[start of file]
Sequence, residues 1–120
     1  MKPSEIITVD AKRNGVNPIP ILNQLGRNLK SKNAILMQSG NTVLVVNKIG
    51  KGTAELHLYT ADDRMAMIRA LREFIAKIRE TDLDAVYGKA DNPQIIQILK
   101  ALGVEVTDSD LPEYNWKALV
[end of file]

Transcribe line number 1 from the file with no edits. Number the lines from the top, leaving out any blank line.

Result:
Sequence, residues 1–120